By Dennis Thompson
MONDAY, Aug. 31, 2020 (HealthDay News) — The new rapid COVID-19 test approved last week is probably not the most reliable option for determining whether someone is infected.
But it’s cheap and it’s fast, and if used correctly, it could be the basis of a screening strategy to keep Americans safe as they return to school and work, infectious disease experts say.
The BinaxNOW COVID-19 Ag Card produced by Abbott Laboratories is an antigen test, a type of scan that looks for specific structural proteins of the coronavirus that form during infection. The test will produce results within 15 minutes and cost $5, Abbott says.
Antigen tests are notorious for producing many false positives, indicating that people are infected when they really aren’t, said Dr. Gary Procop, medical director and co-chair of the Enterprise Laboratory Stewardship Committee at the Cleveland Clinic in Ohio.
And he said that’s absolutely fine if the test is used appropriately, as a screening tool to make sure folks infected with SARS-CoV-2 don’t make it into a crowded school or a basketball court or an assembly line.
“Whenever you do screening tests, you actually want a lot of false positives because you want to capture everybody with disease,” Procop said.
The key is to make the antigen test the first in a two-step screening process, he said.
Everyone who tests positive should then receive a confirmatory PCR test — a slower, more complex and more accurate type of molecular scan that looks for the genetic material of the new coronavirus, Procop said.
“A lot of people like the antigen test as an initial screen, because it’s inexpensive and it’s quick, and you will get people who are blazing positive who you wouldn’t want to sit next to on a plane,” Procop said. “But you’ve got to follow that up with a PCR test, to weed out false positives.”
Abbott’s test is promising enough that the White House struck a deal with the company to purchase 150 million test cards for $760 million, essentially buying out this year’s product run, according to Barron’s.
The deal came one day after Abbott announced U.S. Food and Drug Administration approval of the test for emergency use. The test can only be administered by a medical professional, and is not approved for home use.
The test looks something like a greeting card. A doctor or nurse drips a test solution into a small well in the card, and then slides a nasal swab sample into the chemical. The top part of the card is closed, and within 15 minutes a result will appear — one line for a negative test, two for a positive.
Abbott says clinical studies involving patients tested within in the first seven days of symptom onset showed that BinaxNOW has a sensitivity of 97% and a specificity of more than 98%. That means only 3 in 100 tests will produce a false positive, and fewer than 2 in 100 tests will return a false negative.
Antigen tests in general tend to be less sensitive, as low as 70% depending on the test, said Dr. Amesh Adalja, a senior scholar with the Johns Hopkins Center for Health Security in Baltimore.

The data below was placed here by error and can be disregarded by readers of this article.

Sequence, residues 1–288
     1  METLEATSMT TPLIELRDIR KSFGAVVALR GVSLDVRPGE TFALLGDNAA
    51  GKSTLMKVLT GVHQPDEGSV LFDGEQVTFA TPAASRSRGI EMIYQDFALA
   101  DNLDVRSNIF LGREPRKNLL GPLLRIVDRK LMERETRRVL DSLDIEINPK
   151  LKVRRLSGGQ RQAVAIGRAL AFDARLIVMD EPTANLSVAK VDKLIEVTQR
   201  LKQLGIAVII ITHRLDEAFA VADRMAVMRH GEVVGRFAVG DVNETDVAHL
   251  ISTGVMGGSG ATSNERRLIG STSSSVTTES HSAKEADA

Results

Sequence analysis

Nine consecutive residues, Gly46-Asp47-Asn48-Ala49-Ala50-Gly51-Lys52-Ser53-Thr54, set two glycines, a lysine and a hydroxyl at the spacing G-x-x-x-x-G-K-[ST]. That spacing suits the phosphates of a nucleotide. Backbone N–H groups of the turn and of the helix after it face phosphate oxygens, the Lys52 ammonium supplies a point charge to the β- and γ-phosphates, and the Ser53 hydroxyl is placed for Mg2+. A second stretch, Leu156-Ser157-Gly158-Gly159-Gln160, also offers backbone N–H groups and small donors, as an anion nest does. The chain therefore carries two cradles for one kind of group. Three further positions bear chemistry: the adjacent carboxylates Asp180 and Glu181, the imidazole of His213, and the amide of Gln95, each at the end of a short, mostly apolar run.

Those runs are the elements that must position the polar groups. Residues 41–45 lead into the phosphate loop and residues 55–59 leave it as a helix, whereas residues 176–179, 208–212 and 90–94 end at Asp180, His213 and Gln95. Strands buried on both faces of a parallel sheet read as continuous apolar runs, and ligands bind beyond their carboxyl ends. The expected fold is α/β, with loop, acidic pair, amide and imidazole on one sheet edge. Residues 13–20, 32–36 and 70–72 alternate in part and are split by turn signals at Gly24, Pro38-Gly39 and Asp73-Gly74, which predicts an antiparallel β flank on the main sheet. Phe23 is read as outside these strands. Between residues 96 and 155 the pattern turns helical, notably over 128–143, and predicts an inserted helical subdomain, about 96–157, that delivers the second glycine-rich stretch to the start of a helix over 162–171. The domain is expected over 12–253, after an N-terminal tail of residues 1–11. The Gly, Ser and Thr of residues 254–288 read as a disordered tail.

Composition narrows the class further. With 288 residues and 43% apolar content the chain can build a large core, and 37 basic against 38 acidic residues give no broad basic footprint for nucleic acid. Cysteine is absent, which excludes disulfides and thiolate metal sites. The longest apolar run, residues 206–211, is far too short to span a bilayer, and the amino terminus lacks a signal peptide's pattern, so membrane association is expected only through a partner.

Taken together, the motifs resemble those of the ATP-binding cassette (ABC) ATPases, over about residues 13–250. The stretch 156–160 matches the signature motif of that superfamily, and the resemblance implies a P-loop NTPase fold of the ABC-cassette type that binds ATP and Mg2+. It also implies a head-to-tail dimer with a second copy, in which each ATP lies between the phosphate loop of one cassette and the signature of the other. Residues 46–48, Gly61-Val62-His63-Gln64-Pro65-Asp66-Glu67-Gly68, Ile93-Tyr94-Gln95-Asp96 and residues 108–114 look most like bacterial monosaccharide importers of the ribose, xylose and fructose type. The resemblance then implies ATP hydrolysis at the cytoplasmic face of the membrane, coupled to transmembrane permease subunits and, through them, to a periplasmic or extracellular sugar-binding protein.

But antigen tests also are highly specific, rarely producing a false negative result, he said.
Given all this, cheap and fast antigen tests should be good enough “to be geared toward the question, are you contagious or are you not, for asymptomatic individuals,” Adalja said.
“You might not need a test as sensitive as the PCR when you’re screening asymptomatic individuals like at a university, for example, or a sports team,” he said.
On the other hand, PCR tests are much more accurate.
“That’s how we diagnose acute infection,” Adalja said. “It’s a very sensitive test. It picks up very low levels of the virus’ genetic material. People can be positive for this test long after they’re recovered and lost their contagiousness.”
But because PCR samples must go to a lab, the tests require a lot more processing time, Adalja said. They also require chemicals that have sometimes been in short supply, further delaying results.
Procop said he relies on PCR tests when testing obviously sick people in crucial situations, such as prior to admission to the intensive care unit.
Since the antigen test might miss a COVID-19 infection, “I would never use those if I was going to put someone in an ICU based on that, because I’ve got a real risk of infecting other patients and infecting health care workers,” Procop said. “I can’t afford to be wrong in that setting.”
But Procop said the antigen test could be a good screening tool when followed up with PCR test. He likened the strategy to early HIV tests, where a quick screening immunoassay that was positive was followed by a more in-depth laboratory test to confirm the diagnosis.
He hopes that the new test heralds something the United States has been missing since pandemic began — a national testing strategy to detect COVID-19 cases and protect the populace.
“We know how to screen populations. We do a screen test and then we follow it up with a confirmatory test. Why are we not doing that now?” Procop said, adding that the pandemic has made people “crazy.”
“They have just abandoned everything we’ve known for the last 100 years and decided to re-create it from scratch, and guess what they’re finding out? The tried-and-true is the tried-and-true,” Procop said.
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